Other key areas of heat generation are in the axis way systems. Standard-level way systems can experience heat buildup, especially under heavy load conditions. Heavy-duty, high-accuracy linear guideways and ballscrews not only allow large load ratings, but also greater positioning accuracy and less thermal growth. And to compensate for ballscrew growth, high-performance machines typically incorporate linear glass scales. Thermal considerations are also important as they relate to turrets, carriage design, material selection, and so on for each level. The machine environment can also be a factor. Temperature swings can adversely affect part accuracy. Coolant temperature, for example, can be maintained when using a coolant chiller, thus minimizing the impact heat can have on maintaining a high level of part accuracy.

Moving Up To High Performance

A host of other factors can come into play when considering the move to a high-performance turning center, including machinist availability (reduced number of machinists running multiple machines), expectations of machining complex parts having tight feature orientations, staying ahead in the technology curve for competitive quoting and materials to be machined. The higher the technological features a machine has to offer, the longer the competitive timeline. Faster spindle speeds, faster traverse rates, higher quality ballscrews and environmentally friendly lubrications all allow the user to stay ahead of the curve rather than using standard-level machines built with less stringent standards, components, capability and functionality.


Even if a high-performance machine seems precisely what the business needs to be truly competitive, the higher cost may still make the buyer hesitant to move forward with the purchase. A machine with just the right capabilities and functionality may still seem like it will create too many financial issues to be practical. In such a case, the 5-year/2-percent rule can be used to help turn problems into opportunities.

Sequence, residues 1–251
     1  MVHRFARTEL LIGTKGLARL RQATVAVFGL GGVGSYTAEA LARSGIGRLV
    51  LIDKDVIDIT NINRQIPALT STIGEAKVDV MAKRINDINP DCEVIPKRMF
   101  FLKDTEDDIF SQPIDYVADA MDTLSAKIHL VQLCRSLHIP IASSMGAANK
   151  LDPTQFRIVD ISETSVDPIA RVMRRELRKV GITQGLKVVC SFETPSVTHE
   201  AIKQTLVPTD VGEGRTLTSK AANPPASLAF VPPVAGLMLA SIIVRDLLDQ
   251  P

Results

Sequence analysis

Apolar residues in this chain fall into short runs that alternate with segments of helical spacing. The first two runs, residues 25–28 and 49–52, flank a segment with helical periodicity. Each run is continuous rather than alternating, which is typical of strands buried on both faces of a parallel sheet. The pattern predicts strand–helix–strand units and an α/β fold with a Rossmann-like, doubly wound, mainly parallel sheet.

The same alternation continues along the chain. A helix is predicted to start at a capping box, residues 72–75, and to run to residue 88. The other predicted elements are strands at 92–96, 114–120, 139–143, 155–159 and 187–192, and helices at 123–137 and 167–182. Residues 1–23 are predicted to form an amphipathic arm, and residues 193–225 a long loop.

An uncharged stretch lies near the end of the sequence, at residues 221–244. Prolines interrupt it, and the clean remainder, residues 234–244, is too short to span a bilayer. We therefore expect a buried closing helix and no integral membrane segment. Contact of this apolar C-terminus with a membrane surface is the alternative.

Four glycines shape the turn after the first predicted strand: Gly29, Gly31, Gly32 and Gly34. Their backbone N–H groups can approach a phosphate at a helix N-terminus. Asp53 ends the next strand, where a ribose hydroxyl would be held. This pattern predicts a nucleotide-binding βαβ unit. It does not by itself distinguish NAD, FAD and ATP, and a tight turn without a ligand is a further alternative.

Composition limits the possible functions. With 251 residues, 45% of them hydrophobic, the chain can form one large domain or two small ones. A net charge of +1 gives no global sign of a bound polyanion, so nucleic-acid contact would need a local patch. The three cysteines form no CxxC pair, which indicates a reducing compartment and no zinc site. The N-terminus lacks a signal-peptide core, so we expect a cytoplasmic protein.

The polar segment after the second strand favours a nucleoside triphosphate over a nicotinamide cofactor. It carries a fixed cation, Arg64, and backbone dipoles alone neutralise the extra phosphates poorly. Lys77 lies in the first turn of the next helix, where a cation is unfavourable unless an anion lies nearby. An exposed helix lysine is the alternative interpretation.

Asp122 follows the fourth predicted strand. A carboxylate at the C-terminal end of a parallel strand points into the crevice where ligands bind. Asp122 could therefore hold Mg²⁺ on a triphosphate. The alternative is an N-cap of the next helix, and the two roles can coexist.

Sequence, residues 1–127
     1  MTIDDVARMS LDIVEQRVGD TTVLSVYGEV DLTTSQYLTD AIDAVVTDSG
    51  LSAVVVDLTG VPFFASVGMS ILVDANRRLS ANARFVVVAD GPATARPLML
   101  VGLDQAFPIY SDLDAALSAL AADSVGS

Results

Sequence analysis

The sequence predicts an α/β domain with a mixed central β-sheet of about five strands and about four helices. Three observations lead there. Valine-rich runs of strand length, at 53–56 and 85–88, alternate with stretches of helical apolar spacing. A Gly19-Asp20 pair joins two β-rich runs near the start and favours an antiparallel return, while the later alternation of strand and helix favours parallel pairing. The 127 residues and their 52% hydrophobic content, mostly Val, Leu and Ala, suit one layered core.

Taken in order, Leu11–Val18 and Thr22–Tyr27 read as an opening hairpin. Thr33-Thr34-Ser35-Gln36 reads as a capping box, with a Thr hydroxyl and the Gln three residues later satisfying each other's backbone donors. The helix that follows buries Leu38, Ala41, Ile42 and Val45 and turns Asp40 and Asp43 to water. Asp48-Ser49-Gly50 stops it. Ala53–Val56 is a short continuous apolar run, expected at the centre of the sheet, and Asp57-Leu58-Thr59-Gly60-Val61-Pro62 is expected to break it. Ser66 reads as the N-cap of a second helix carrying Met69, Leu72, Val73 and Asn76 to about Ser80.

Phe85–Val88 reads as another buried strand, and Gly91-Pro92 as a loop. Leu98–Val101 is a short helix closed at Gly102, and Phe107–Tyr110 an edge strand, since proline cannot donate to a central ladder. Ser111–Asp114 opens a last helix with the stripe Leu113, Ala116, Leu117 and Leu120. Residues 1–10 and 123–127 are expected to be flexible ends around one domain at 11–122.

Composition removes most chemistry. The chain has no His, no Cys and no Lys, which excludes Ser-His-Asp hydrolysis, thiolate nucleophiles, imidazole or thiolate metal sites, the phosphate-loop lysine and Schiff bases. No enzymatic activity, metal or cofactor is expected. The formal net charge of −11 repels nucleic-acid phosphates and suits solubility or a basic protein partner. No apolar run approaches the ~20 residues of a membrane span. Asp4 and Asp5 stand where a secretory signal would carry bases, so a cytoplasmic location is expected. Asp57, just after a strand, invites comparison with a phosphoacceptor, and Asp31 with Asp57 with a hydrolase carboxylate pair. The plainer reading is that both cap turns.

The total cost of the machine leased throughout a 5-year term can be calculated using the following formula: $205,000 (total machine price) times 2 percent equals $4,100 (monthly payment); divided by 20 working days equals $205 per day; divided by 8 hours equals $26 per hour.


Another way to see the affordability with some compromise would be to formulate starting with the machine base price and add the option costs one at a time. For example: $120,000 for the base machine times 2 percent equals $2,400 monthly payment; divided by 20 days equals $120 per day or $15 per hour. The same formula is then applied to the options (using live tooling and C axis as an example): $17,000 times 2 percent equals $340 monthly payment, $17 per day, $2.13 per hour. The total cost is then $17.13 per hour. Further options can be added until the price comfort zone and needed capability and functionality are in tune. Of course, actual costs and rates will vary, but this is a good rule-of-thumb calculator. Down payments on the lease can also help to ease the extended price burden.

Source: Production Machining